An Odd Lemma

While proving that every monad is an applicative functor, I extracted the following derivation as a lemma:

  fmap f ∘ (λh. fmap h x)
≡ { defn. ∘, β-reduction }
  λg. fmap f (fmap g x)
≡ { defn. ∘ }
  λg. (fmap f ∘ fmap g) x
≡ { Functor }
  λg. fmap (f ∘ g) x
≡ { abstract f ∘ g }
  λg. (λh. fmap h x) (f ∘ g)
≡ { defn. ∘, η-contraction }
  (λh. fmap h x) ∘ (f ∘)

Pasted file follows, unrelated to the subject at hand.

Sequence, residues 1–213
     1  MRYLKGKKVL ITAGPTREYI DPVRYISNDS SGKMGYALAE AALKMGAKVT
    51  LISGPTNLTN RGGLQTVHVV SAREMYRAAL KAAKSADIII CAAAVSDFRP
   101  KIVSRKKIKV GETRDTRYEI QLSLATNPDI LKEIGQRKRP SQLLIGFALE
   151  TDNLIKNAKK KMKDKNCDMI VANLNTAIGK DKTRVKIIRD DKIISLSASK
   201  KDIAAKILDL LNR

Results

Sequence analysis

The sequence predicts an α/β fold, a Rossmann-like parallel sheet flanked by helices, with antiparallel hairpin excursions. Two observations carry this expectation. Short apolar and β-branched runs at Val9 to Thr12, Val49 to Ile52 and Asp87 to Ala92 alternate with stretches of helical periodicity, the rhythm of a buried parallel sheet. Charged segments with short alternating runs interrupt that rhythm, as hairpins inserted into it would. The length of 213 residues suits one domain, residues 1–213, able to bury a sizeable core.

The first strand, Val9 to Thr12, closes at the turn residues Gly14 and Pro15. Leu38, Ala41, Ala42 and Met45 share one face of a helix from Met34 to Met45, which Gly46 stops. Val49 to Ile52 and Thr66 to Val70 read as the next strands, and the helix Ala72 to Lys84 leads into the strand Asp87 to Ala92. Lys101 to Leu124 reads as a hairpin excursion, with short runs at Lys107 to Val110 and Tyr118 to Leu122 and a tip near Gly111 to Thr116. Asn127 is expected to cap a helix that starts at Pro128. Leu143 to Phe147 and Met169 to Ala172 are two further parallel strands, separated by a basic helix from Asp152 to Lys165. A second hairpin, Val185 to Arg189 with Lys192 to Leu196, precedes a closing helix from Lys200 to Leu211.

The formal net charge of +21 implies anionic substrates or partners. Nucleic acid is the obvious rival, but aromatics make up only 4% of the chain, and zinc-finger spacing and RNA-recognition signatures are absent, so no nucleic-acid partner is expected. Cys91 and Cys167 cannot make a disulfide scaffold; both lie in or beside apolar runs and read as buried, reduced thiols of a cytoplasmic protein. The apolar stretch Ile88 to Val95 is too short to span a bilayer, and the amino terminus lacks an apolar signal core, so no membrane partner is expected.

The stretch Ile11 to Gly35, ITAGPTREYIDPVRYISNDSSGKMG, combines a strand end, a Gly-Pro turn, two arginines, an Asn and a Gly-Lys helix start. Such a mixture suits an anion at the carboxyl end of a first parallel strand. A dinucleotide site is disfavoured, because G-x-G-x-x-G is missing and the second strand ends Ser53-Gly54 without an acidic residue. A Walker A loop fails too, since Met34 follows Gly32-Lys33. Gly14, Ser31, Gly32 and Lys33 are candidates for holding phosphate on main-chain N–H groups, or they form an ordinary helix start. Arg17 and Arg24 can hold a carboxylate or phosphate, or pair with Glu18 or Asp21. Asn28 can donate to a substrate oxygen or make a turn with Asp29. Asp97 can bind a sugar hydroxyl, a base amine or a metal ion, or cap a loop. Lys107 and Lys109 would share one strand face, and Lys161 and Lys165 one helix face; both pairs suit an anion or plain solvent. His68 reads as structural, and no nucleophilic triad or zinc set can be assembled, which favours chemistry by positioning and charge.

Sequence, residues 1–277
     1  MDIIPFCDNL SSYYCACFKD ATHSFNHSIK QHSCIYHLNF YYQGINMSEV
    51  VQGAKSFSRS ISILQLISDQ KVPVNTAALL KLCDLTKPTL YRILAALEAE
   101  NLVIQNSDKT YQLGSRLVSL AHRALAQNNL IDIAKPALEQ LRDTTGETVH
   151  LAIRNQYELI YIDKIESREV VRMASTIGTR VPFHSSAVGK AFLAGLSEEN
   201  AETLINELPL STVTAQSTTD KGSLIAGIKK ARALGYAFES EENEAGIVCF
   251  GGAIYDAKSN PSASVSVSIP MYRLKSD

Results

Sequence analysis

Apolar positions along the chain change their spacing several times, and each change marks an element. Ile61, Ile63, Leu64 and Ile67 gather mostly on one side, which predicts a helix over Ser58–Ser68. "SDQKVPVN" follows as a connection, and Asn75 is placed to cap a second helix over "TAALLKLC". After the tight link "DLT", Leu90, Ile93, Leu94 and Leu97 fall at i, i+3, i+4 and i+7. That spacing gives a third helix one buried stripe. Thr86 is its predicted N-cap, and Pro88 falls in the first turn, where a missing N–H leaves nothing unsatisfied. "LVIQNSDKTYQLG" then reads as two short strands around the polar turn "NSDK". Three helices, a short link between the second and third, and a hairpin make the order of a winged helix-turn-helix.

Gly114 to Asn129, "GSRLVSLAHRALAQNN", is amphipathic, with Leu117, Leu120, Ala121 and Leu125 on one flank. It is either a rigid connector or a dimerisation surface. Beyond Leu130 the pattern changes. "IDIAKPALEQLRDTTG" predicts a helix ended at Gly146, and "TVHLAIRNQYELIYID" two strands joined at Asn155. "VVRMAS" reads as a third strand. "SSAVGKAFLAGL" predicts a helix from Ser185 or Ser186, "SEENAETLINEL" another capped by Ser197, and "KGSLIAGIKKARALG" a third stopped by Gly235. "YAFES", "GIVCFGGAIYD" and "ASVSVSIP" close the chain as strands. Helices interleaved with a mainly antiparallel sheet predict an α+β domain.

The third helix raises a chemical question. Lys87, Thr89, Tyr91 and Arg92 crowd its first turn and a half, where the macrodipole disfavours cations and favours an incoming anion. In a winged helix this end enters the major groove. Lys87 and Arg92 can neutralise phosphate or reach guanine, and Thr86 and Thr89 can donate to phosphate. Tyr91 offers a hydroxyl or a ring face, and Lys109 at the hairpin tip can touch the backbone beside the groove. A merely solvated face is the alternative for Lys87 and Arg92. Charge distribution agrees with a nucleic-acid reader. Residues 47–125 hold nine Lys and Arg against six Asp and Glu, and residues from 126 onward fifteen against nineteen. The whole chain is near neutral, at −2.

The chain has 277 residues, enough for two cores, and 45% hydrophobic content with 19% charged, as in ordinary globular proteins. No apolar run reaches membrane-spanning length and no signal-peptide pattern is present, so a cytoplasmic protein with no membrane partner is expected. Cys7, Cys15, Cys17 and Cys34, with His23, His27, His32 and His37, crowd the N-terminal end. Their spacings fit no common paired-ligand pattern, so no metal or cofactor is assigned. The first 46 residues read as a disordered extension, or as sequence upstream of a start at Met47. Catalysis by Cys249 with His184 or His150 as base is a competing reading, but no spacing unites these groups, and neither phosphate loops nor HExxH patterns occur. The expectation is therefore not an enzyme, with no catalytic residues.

for all f, x. This is the Yoneda Lemma in a special form. The term λh. fmap h x is the natural transformation between an arbitrary functor F and the functor Hom(X, —), where X is fixed by the type of x. Dan Piponi calls it the hardest trivial thing in mathematics. I didn't recognize it immediately (my category-fu is nonexistent), but the striking symmetry made me curious and I started investigating.

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